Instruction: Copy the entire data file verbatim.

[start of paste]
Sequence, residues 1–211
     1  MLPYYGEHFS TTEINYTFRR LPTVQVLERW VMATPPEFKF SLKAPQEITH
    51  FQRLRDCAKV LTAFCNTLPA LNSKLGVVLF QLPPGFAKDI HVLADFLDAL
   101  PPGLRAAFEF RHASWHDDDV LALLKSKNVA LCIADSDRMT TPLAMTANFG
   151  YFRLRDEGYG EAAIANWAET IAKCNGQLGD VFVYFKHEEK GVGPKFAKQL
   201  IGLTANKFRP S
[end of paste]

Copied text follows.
Sequence, residues 1–211
     1  MLPYYGEHFS TTEINYTFRR LPTVQVLERW VMATPPEFKF SLKAPQEITH
    51  FQRLRDCAKV LTAFCNTLPA LNSKLGVVLF QLPPGFAKDI HVLADFLDAL
   101  PPGLRAAFEF RHASWHDDDV LALLKSKNVA LCIADSDRMT TPLAMTANFG
   151  YFRLRDEGYG EAAIANWAET IAKCNGQLGD VFVYFKHEEK GVGPKFAKQL
   201  IGLTANKFRP S